The chart, right, has two axes: time, and the condition of the equipment. We haven’t put a scale on these axes, but they demonstrate the idea. The curve shows the condition of the equipment starting at a high level, then declining, first slowly and progressively faster, until a rapid, catastrophic failure renders the equipment unusable.

Point A is the point at which actual failure begins — for instance, a bearing goes past the running-in stage, and begins to go out of tolerance. This is inevitable, but not in itself a problem.

More important are points P and F. The first marks potential failure — the point at which we begin to experience the equipment starting to deteriorate. F marks functional failure — when the equipment ceases to operate usefully. After this point, the machinery might exhibit excessive noise, odour and overheating, before it fails catastrophically.

The interval between the two points — the P-F interval — is where proactive condition monitoring and condition-based maintenance (CBM) can make a real difference. Checking vibration levels, lubricant quality and other criteria can extend the usable life of a machine dramatically.


STRATIO, the real-time predictive fleet maintenance platform, is supplying bus operator Go-Ahead Ireland. The Stratio platform integrates predictive maintenance and advanced remote diagnostics with GAI’s current fleet management system.

After a successful proof of concept (POC) trial in 2021, GAI decided to extend Stratio’s service to its entire fleet. The results of the trial indicate that Stratio’s technology will aim to reduce GAI’s vehicle breakdowns by over 57% in the next three years. Stratio enables GAI to turn its vehicle data into intelligence to inform and optimise maintenance operations. Its AI platform remotely collects and analyses crucial indicators of vehicle condition, turning them into real-time actionable insights that allow GAI to predict breakdowns, it says. With Stratio, GAI will be able to reduce the frequency of preventive checks and plan the wear rate of components dynamically, rather than relying on more approximative mileage-based estimates, ultimately saving time and resources.

Vehicle safety technology provider Nauto and Navistar, US truck subsidiary of the Traton Group (corporate owner of Scania and MAN brands in Europe) have agreed a distribution deal to make Nauto’s predictive-AI vehicle safety solution available for new fleet vehicle purchases or as an upgrade for existing fleet vehicles throughout US dealers. Nauto’s AI technology tracks and analyses risk in real time. When it detects risks, it can provide preventative warnings which may give drivers extra time to respond. “Nauto’s partnership with Navistar is an important milestone in terms of commercial fleet industry adoption,” said Stefan Heck, CEO, Nauto.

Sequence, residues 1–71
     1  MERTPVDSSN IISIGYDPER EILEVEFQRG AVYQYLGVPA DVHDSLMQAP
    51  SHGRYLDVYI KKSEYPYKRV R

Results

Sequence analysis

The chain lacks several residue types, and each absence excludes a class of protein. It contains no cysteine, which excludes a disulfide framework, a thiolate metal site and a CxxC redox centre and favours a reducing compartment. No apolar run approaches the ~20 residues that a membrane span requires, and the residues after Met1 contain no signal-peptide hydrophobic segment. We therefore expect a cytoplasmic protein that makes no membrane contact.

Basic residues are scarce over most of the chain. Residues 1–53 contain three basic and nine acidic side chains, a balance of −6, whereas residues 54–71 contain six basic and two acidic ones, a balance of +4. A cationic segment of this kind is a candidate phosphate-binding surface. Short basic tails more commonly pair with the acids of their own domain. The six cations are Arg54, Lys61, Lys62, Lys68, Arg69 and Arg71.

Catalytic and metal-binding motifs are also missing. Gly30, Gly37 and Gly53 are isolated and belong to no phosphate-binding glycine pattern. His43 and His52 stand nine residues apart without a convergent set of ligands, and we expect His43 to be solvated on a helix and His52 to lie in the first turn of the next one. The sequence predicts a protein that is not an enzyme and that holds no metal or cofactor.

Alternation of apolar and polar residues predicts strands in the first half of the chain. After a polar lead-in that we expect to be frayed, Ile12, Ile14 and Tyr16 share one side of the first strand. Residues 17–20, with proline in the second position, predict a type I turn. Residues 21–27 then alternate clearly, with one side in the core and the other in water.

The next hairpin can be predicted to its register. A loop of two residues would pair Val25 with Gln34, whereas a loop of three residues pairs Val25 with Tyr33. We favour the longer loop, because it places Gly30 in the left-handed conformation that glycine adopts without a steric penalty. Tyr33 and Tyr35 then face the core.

ZF-owned telematics firm TRANSICS and commercial vehicle digital platform Rio (main picture) are deepening their technical collaboration. With newly developed interfaces and improved data exchange between the partners’ cloud-based solutions, customers can now decide on transport data sources and how information is presented at the front end.

The first company to benefit from the closer cooperation is the French logistics service provider, Jacky Perrenot (fleet vehicle pictured below). Its head of purchasing Christophe Dauzat says: “RIO and Transics have recognised that by connecting the two platforms, there is an opportunity to reduce the cost and downtime associated with retrofitting hardware, thereby affording us greater flexibility. New trucks from MAN are ready to head out on to the road immediately after the respective services are booked, rather than having to go back into the workshop for installation work.”

Jan Kaumanns, CEO of RIO, says: “In the future, a greater degree of networking and partnering will be required if transportation logistics operations are to be optimally efficient.”

Toby Clark

Related Companies
Scania (Great Britain) Ltd